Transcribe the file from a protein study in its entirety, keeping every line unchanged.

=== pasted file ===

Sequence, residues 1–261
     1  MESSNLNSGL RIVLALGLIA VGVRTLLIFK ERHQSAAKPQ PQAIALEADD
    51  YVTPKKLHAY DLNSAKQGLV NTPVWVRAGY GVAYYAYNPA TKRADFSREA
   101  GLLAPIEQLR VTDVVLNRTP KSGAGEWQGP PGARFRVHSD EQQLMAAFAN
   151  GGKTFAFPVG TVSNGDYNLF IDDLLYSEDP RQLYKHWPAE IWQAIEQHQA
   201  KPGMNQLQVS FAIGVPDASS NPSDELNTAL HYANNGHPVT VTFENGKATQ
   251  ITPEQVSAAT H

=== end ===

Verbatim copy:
Sequence, residues 1–261
     1  MESSNLNSGL RIVLALGLIA VGVRTLLIFK ERHQSAAKPQ PQAIALEADD
    51  YVTPKKLHAY DLNSAKQGLV NTPVWVRAGY GVAYYAYNPA TKRADFSREA
   101  GLLAPIEQLR VTDVVLNRTP KSGAGEWQGP PGARFRVHSD EQQLMAAFAN
   151  GGKTFAFPVG TVSNGDYNLF IDDLLYSEDP RQLYKHWPAE IWQAIEQHQA
   201  KPGMNQLQVS FAIGVPDASS NPSDELNTAL HYANNGHPVT VTFENGKATQ
   251  ITPEQVSAAT H